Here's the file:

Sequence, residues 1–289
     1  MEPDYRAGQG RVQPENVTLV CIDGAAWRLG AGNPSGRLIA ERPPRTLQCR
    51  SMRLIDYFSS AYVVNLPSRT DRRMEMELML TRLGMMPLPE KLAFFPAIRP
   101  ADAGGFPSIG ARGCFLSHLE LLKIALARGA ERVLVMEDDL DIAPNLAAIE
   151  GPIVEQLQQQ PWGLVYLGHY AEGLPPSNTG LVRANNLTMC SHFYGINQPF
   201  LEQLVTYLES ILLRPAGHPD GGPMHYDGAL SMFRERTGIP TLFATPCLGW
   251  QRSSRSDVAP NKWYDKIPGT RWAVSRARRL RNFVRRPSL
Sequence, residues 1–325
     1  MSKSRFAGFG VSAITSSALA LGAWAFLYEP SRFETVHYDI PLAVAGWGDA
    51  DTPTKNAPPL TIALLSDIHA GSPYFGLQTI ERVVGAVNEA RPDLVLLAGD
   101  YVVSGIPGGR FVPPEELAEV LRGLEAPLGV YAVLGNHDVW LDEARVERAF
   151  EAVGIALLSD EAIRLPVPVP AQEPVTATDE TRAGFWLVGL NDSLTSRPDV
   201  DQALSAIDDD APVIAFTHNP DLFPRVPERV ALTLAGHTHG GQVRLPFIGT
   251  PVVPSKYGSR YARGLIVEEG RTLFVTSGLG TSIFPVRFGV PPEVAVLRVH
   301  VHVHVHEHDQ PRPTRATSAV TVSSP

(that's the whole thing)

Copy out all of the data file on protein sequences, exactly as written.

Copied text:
Sequence, residues 1–289
     1  MEPDYRAGQG RVQPENVTLV CIDGAAWRLG AGNPSGRLIA ERPPRTLQCR
    51  SMRLIDYFSS AYVVNLPSRT DRRMEMELML TRLGMMPLPE KLAFFPAIRP
   101  ADAGGFPSIG ARGCFLSHLE LLKIALARGA ERVLVMEDDL DIAPNLAAIE
   151  GPIVEQLQQQ PWGLVYLGHY AEGLPPSNTG LVRANNLTMC SHFYGINQPF
   201  LEQLVTYLES ILLRPAGHPD GGPMHYDGAL SMFRERTGIP TLFATPCLGW
   251  QRSSRSDVAP NKWYDKIPGT RWAVSRARRL RNFVRRPSL
Sequence, residues 1–325
     1  MSKSRFAGFG VSAITSSALA LGAWAFLYEP SRFETVHYDI PLAVAGWGDA
    51  DTPTKNAPPL TIALLSDIHA GSPYFGLQTI ERVVGAVNEA RPDLVLLAGD
   101  YVVSGIPGGR FVPPEELAEV LRGLEAPLGV YAVLGNHDVW LDEARVERAF
   151  EAVGIALLSD EAIRLPVPVP AQEPVTATDE TRAGFWLVGL NDSLTSRPDV
   201  DQALSAIDDD APVIAFTHNP DLFPRVPERV ALTLAGHTHG GQVRLPFIGT
   251  PVVPSKYGSR YARGLIVEEG RTLFVTSGLG TSIFPVRFGV PPEVAVLRVH
   301  VHVHVHEHDQ PRPTRATSAV TVSSP